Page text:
Meanwhile, Reichard said ongoing enforcement activities are continuing.

    City police, working with state police and federal officials, are targeting known sellers, many of whom have prior federal and state convictions, and are preparing arrests warrants stemming from a raid conducted earlier in the week that yielded heroin, crack cocaine and firearms, he said.

    Police, social services providers and frustrated parents, interviewed for The Day's ongoing Deadly Addiction series, said the problem is widespread and the fix must include education, treatment and prevention efforts along with law enforcement action.

    "We know we're not going to arrest our way out of this problem," said Sticca from the narcotics task force. "It really has to be a multidisciplinary approach to the problem."

    Meanwhile, he said, the task force is targeting "the poisoners" — the dealers who are taking advantage of and profiting from the addicted.

    Groton City and Groton Town police, after visiting the city of Gloucester, Mass., which created an "Angel" program to help fast-track addicts into treatment, is working with a group of volunteers — including parents of addicts — called Community Speaks Out Inc., to help get addicts into treatment.

    "It's a family tragedy, is what it is," said Groton City Police Chief Thomas Davoren. "If the family wants help, at least now we have someplace to refer them. Of course the person has to want help. It's a battle."

    Davoren and other police administrators said that in Groton City, Waterford and every other community in southeastern Connecticut, addicts are committing crimes to support their drug habits.

    "We have a large retail area," said Waterford Chief Brett Mahoney. "People steal every day in order to support their heroin habit or drug habit in general. We work with other agencies that have exactly the same thing going on with them. In addition, the majority of the burglaries or any type of theft from cars is normally tied to the heroin use. It's not just the drug use. They victimize people."

    Since many heroin addicts started with opiate pain killers taken from a family member's medicine cabinet, police also are reminding the public to safeguard their medication and, if desired, to dispose of it anonymously in bins located in police department lobbies.

    Waterford has a "Challenge" program in its schools to educate students about the dangers of drugs and has officers assigned to the middle and high schools.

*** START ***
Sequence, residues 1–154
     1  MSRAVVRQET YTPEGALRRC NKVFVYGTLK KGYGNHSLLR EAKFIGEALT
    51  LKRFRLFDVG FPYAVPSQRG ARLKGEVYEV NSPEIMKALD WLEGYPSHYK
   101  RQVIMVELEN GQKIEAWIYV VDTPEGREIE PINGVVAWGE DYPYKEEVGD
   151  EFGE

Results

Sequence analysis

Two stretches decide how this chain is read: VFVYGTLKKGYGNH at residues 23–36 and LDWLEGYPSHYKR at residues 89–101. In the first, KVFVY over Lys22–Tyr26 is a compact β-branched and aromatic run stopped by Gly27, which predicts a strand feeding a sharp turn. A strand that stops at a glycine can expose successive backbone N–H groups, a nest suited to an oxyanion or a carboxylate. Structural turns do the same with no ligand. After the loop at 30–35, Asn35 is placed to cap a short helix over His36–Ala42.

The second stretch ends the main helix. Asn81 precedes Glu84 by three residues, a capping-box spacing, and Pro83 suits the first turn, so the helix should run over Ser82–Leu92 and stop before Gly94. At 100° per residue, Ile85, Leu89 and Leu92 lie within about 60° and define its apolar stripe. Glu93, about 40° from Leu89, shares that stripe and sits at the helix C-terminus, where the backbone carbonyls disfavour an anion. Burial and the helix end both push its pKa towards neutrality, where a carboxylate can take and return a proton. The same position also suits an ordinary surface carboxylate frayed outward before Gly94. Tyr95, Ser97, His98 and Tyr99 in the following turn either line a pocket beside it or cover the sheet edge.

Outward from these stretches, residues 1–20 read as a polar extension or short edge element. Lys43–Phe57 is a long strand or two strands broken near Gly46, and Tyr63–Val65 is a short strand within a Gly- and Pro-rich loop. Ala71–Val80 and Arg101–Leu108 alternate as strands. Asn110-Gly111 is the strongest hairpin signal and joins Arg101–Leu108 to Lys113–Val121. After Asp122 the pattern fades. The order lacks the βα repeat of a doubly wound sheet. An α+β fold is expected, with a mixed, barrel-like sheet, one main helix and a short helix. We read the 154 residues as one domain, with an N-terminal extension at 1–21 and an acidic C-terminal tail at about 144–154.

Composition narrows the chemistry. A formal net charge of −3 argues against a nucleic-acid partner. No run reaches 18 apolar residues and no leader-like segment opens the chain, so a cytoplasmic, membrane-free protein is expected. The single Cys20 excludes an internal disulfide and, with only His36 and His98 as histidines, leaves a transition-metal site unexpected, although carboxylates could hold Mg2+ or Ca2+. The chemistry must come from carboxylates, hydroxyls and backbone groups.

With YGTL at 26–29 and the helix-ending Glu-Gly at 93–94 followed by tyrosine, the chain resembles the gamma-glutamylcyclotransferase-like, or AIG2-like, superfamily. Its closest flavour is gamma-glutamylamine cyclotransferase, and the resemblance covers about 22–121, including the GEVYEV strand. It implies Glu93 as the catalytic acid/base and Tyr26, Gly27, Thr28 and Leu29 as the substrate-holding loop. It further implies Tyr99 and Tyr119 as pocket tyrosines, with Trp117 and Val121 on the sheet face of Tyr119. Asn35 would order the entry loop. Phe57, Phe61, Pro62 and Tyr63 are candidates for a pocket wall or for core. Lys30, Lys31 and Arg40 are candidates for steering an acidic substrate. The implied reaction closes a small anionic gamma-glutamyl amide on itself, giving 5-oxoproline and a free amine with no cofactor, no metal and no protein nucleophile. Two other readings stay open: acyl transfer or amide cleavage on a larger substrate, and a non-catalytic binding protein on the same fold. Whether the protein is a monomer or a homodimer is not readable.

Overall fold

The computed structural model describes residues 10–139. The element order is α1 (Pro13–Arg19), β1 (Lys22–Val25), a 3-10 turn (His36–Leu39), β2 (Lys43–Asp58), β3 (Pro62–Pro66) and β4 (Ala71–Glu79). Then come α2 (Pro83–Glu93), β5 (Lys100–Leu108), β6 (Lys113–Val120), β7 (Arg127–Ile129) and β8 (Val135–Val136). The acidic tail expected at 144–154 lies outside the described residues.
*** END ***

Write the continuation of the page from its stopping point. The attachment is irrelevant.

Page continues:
Another group, Shine a Light on Heroin, formed in the Stonington and Westerly area and offers educational and preventive programs in local schools throughout the region.

    "This is not a city problem," Mahoney said. "This is an everywhere problem."

    Senior State's Attorney Paul J. Narducci, who prosecutes serious felonies in New London Superior Court, said a substantial portion of the cases directly or indirectly are related to drug use. Narducci said he takes issue with those who think that drug crimes are nonviolent.

    "There's direct violence to the user's body, and indirect violence to how the users are getting the money, through robberies, larcenies and burglaries," he said.

    Douglas Lavine, therapist and owner of Life Happens addiction treatment clinic in Groton, said Friday that much of the treatment being offered to addicts is ineffective.

    Addicts are only being given about five days to detoxify their systems, he said, which is not enough time to get the effects of heroin addiction out of their systems.

    "We need to keep them in treatment and monitor them for at least 30 days," he said. "We have to stabilize them first."

    After a 30-day detoxification, he typically prescribes patients with Vivitrol to counteract the effects of addiction.

    Too many other treatment providers, he believes, are prescribing Suboxone to addicts, but the patients are not being closely monitored.

    "They're using it to buy more heroin, or using Suboxone just until they can acquire heroin again," he said.

    Day Staff Writer Judy Benson contributed to this story.

    Editor's note: this version clarifies the total overall number of drug overdose victims treated by L+M, as well as the specific number treated for heroin overdoses by the hospital.